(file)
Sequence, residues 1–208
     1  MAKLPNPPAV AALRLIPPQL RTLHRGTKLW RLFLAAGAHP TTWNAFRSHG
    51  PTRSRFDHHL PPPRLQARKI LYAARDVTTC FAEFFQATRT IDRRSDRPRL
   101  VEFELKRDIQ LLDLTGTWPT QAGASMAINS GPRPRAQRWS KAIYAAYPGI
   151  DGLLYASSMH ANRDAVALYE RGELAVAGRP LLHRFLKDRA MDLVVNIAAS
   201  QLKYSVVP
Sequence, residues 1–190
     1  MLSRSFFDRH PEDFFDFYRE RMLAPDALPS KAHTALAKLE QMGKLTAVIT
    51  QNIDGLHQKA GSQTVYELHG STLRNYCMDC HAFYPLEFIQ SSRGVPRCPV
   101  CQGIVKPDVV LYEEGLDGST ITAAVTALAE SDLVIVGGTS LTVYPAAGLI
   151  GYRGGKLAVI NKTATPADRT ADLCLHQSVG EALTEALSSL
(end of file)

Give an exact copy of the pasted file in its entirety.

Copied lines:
Sequence, residues 1–208
     1  MAKLPNPPAV AALRLIPPQL RTLHRGTKLW RLFLAAGAHP TTWNAFRSHG
    51  PTRSRFDHHL PPPRLQARKI LYAARDVTTC FAEFFQATRT IDRRSDRPRL
   101  VEFELKRDIQ LLDLTGTWPT QAGASMAINS GPRPRAQRWS KAIYAAYPGI
   151  DGLLYASSMH ANRDAVALYE RGELAVAGRP LLHRFLKDRA MDLVVNIAAS
   201  QLKYSVVP
Sequence, residues 1–190
     1  MLSRSFFDRH PEDFFDFYRE RMLAPDALPS KAHTALAKLE QMGKLTAVIT
    51  QNIDGLHQKA GSQTVYELHG STLRNYCMDC HAFYPLEFIQ SSRGVPRCPV
   101  CQGIVKPDVV LYEEGLDGST ITAAVTALAE SDLVIVGGTS LTVYPAAGLI
   151  GYRGGKLAVI NKTATPADRT ADLCLHQSVG EALTEALSSL